Findings: Significant and meaningful improvements were demonstrated in cardiorespiratory fitness, several body composition variables, isometric strength of the left (non-dominant) lower limb and several physiological variables. No significant changes were revealed to the biochemical parameters or the strength of the right (dominant) limp.

Conclusion: The results of the study suggest that a low-frequency, circuit training program with high intensity lasting only for 18-minutes twice a week is the minimum required dose in reducing at least some of the cardiovascular risk factors, in obese and overweight population.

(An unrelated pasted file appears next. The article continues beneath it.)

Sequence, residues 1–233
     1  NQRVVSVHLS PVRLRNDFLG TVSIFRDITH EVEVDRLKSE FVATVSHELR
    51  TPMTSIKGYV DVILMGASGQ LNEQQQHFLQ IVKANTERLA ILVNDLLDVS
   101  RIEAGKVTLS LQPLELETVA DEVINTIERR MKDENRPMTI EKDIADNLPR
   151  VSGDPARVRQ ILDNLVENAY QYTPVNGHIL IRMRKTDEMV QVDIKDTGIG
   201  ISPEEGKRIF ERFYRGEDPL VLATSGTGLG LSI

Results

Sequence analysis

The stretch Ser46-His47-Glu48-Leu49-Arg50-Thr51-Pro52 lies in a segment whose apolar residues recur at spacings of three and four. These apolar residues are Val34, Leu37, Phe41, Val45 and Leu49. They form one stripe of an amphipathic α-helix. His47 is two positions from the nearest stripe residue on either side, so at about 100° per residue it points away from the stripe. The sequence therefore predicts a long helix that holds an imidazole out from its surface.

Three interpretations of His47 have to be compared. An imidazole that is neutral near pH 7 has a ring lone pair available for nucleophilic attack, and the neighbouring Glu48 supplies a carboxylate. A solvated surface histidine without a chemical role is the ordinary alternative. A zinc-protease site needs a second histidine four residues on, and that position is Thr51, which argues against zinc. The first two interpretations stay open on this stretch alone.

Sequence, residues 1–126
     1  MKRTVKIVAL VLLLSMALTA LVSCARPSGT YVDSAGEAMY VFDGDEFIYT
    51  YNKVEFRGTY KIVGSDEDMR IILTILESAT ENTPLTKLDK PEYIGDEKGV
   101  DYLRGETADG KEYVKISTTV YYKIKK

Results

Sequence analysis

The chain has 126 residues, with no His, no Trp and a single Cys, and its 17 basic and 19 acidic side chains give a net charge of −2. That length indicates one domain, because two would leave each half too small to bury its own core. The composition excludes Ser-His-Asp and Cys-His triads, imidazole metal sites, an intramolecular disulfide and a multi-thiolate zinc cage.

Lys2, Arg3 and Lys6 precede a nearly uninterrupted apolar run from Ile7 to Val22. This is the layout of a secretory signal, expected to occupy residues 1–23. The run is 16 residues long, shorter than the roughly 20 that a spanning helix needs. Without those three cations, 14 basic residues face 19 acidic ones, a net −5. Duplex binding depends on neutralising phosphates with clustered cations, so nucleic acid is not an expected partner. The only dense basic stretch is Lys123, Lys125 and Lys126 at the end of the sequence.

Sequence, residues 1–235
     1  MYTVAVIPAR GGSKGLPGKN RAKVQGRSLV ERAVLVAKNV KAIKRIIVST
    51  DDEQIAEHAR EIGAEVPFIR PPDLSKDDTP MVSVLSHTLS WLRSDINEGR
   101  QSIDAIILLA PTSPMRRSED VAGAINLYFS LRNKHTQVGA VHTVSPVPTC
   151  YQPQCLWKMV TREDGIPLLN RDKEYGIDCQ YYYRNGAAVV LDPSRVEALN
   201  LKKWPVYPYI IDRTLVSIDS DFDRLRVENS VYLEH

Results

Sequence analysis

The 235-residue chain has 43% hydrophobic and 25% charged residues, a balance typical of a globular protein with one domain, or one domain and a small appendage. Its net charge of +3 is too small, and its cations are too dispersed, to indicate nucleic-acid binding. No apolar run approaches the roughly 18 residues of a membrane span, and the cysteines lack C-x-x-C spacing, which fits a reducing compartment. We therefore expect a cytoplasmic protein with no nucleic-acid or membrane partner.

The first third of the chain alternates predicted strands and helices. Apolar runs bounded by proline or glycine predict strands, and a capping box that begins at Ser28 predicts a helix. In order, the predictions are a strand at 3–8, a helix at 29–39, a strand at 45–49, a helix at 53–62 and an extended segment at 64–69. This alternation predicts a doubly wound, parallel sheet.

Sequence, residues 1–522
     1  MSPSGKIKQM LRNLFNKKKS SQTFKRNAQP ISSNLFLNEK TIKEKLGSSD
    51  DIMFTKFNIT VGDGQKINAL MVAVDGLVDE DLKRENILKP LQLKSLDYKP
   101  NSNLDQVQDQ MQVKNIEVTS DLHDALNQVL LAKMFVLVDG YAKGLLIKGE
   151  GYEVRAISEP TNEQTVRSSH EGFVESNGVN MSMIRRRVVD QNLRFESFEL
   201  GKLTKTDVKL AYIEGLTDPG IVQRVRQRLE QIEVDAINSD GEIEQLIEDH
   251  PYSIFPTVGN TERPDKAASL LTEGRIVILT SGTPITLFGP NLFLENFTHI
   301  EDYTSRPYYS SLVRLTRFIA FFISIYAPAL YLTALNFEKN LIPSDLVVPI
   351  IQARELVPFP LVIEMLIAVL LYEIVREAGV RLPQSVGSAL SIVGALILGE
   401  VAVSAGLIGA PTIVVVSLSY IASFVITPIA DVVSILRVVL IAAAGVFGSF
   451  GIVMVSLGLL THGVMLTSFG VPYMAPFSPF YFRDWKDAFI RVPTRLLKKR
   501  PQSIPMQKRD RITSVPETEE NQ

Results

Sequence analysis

Circuit training, Cardiovascular health, Risk factors, Obese, Overweight, High-intensity training


Excessive weight gain and obesity are a global public health problem, associated with an increase of several cardiovascular risk factors [1] and the prevalence of non-communicable diseases such as metabolic diseases [2], certain types of cancer [3], depression [4,5], sleep disturbances [5,6] and all-cause mortality [7,8]. Strategies to decrease the cardiovascular risk factors, to reduce the incidence of these diseases and improve their physical, social and psychological consequences that affect the quality of life is a perpetual goal of health providers [9,10].